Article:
The jihadist group, in charge in Mosul for almost two years, warned residents not to pick them up. Those who did were unlikely to be impressed anyway. The administration that’s promising liberation is struggling to exert control a few hundred meters from its seat of power in Baghdad.
The U.S. wants its local allies to deliver a knockout blow to Islamic State, and is sending more troops to Syria and Iraq to steel their resolve. A U.S. Navy SEAL advising Kurdish forces was killed north of Mosul on Tuesday, the third American soldier to die in combat with the militants in Iraq. Vice President Joe Biden, in the Iraqi capital last week, said he’d talked with Prime Minister Haidar al-Abadi about plans to retake Mosul. Biden said he was “very optimistic.”
Many city residents aren’t. The leaflets claimed “that Iraqi security forces are very close to saving us, and that we have to be ready,” a 31-year-old man who lives in Mosul said. “This isn’t the first time they’ve done that. It’s just another attempt to fool us.” Iraqis interviewed from Mosul have not been named to prevent retribution.
The past weekend’s news from Baghdad justified the skepticism. In the latest blow to Abadi’s authority, protesters forced their way into the Green Zone, the secure complex in the heart of the capital that’s housed Iraq’s rulers since the U.S. invasion of 2003. Responding to widespread demonstrations against graft last summer, the prime minister unveiled a reform program, but change has been slow. His efforts to introduce a cabinet of technocrats have been stymied and his government brought to a standstill by a revolt in parliament.
“Abadi is facing the most serious dilemma of his career, there are so many ticking bombs,” said Wathiq al-Hashimi, a Baghdad-based analyst. The political stalemate “will negatively impact the battle for Mosul and elsewhere.”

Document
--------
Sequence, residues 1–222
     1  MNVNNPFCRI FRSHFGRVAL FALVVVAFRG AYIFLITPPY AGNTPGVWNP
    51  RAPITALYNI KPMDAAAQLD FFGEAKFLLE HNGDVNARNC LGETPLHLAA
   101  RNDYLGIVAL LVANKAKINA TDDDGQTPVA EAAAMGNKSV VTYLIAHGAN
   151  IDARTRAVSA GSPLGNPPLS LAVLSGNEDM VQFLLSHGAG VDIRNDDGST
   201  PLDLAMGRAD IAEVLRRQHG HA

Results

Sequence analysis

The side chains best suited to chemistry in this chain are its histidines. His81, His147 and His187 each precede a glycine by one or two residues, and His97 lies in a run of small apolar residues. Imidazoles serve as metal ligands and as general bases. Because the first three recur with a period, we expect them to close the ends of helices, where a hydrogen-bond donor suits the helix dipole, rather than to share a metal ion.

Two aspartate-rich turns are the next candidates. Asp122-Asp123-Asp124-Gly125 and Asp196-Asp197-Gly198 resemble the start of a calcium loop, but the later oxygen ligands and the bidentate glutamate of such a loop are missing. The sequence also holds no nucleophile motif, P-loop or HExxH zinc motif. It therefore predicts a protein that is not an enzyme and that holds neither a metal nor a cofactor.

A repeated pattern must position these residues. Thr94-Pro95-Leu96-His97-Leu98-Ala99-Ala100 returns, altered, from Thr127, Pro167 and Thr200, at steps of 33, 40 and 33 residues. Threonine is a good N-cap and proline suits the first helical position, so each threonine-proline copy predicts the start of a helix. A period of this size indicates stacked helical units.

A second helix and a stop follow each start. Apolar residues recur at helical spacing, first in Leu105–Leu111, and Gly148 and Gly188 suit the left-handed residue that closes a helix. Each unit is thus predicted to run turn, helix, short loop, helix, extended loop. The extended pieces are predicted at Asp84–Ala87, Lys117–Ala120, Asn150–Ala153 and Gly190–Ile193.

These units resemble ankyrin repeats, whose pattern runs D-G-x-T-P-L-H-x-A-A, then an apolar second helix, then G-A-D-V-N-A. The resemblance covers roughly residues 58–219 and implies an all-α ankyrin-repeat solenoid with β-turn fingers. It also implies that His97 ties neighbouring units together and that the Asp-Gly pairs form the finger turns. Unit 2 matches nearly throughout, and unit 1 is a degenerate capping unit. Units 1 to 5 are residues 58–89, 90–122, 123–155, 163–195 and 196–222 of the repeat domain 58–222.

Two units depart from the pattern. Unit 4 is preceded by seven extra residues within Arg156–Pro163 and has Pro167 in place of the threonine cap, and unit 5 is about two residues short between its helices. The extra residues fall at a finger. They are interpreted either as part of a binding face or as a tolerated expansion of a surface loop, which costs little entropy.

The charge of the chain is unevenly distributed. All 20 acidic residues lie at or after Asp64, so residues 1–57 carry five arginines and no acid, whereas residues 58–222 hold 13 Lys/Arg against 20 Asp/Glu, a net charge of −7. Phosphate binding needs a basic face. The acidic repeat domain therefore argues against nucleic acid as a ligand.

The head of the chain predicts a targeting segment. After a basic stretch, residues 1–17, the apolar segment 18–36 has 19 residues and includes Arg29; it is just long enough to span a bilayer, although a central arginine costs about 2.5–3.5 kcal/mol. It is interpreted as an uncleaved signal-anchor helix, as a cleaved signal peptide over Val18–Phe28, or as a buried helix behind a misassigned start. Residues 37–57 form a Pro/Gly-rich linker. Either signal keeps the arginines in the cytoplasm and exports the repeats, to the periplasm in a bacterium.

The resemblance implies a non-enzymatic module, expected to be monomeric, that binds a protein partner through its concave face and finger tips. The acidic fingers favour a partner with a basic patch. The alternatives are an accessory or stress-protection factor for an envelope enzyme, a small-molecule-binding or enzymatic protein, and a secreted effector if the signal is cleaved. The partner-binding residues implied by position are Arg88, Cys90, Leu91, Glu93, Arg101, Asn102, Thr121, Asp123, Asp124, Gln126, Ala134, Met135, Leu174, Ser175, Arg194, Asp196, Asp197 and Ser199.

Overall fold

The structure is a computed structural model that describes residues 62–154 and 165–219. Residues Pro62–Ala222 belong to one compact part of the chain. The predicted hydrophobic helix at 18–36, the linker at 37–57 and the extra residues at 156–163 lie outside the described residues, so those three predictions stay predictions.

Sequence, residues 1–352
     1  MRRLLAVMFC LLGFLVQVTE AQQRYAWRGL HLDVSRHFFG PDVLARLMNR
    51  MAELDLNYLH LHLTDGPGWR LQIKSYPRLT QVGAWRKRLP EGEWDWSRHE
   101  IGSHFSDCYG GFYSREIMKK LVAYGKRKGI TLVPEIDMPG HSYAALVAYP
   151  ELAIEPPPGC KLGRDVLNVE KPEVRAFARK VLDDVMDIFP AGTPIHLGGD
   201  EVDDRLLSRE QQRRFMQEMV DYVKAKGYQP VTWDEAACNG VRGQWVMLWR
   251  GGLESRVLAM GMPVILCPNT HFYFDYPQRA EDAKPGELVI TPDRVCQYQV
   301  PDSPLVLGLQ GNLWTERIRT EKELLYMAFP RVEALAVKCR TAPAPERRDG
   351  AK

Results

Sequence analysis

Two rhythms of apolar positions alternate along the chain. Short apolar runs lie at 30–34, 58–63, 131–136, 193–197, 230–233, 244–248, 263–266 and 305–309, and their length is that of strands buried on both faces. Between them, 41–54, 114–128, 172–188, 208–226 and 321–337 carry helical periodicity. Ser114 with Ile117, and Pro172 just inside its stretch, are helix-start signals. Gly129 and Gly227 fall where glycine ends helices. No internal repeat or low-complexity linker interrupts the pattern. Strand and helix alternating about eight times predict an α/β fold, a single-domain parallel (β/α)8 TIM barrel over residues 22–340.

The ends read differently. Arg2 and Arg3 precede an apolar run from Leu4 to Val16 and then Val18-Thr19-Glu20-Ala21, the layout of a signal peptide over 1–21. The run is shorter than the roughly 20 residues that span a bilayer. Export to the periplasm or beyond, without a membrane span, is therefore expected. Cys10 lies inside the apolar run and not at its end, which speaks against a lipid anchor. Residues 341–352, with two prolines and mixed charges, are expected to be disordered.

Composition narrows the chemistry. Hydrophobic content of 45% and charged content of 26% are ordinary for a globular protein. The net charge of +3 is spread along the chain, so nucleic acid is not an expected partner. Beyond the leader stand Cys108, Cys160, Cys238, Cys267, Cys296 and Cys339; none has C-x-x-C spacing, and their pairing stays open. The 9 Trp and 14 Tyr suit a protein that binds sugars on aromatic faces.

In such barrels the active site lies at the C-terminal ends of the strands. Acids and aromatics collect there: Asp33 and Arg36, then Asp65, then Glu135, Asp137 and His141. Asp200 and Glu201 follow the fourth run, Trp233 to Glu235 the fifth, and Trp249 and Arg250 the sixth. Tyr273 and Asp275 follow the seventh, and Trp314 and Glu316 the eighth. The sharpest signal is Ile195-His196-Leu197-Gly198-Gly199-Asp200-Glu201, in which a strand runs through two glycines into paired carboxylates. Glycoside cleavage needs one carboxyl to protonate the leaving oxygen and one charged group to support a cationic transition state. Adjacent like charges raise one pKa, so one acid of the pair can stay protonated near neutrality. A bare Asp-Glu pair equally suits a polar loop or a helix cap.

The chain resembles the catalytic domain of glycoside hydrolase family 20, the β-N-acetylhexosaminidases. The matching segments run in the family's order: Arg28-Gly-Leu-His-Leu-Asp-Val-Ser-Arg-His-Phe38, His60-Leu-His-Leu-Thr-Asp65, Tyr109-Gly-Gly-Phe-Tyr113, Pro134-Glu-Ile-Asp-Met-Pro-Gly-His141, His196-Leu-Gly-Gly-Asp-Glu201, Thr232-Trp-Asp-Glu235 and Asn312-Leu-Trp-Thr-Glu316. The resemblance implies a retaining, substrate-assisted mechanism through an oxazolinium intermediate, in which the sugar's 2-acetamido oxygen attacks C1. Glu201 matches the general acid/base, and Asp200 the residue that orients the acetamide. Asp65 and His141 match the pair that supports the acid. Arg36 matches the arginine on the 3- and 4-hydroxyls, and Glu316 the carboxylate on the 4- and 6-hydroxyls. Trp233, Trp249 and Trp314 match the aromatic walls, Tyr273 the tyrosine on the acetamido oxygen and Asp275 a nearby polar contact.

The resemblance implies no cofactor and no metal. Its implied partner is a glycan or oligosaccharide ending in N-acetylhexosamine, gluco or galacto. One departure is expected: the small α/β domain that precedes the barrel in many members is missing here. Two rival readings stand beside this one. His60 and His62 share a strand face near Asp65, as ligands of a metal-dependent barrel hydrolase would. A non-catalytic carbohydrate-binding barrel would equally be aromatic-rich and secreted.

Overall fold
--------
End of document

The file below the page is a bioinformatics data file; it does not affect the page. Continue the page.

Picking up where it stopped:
That means more waiting in Mosul, where conditions deteriorate daily. Residents who spoke by phone said families are burning through savings and selling jewelry to get by. They live in fear of U.S.-led coalition airstrikes as well as the brutality of Islamic State.
And if a push to free the city does eventually get under way, they are concerned it will include Shiite Muslim militias with a history of violence against Sunnis, who now makeup all of Mosul’s population after Christians and Shiites were forced out or killed.
Two Years Lost“The general mood is so pessimistic,” said a former law student. “We’ve been waiting for the Mosul offensive for so long. I’m young, I lost two years of my life here.”
Last year, U.S. and Iraqi officials signaled that a campaign to recapture Mosul would begin this spring. Then Ramadi fell to Islamic State and the focus shifted to taking back the western city, which was achieved in December.
Home to about 2.4 million people before the war, Mosul is the Islamic State’s largest base outside Syria. It was there that the group’s leader, Abu Bakr al-Baghdadi, announced the creation of his caliphate.
Iraqi Defense Ministry spokesman Naseer Nouri said preliminary operations to the south of Mosul have begun, and officials are preparing the ground for a broader offensive. But he said it’s still not clear which military forces would take part, a decision that requires consensus among political leaders.
Obama CautionThere’s little of that in evidence. The squabbles in Baghdad risk sapping the morale of Iraqi forces, which collapsed in the face of Islamic State’s rapid offensive in mid 2014, according to analyst al-Hashimi.
Recapturing Mosul “would be the most difficult battle Iraqi forces have ever faced,” he said. “Without the fighting spirit, the result would be catastrophic.”
U.S. officials have been more cautious than their Iraqi counterparts about the timing of an offensive. President Barack Obama has indicated the conditions for retaking Mosul will be created this year.
If and when the battle comes, it could unleash a new wave of refugees -- adding to the exodus from Syria, which has caused havoc in Europe. Nouri, the Defense Ministry spokesman, said that as many as half of the city’s remaining inhabitants are expected to flee once Islamic State’s defenses start to crumble.
A retired army officer living in Mosul hopes his children will be among them. “Life under Islamic State is unbearable but we’ve adjusted, obeying their rules to protect ourselves and our children,” he said by phone. “I was born here and will die here, but I don’t want my sons to stay. I’ll urge them to flee to Europe as soon as there’s an opportunity to escape this prison.”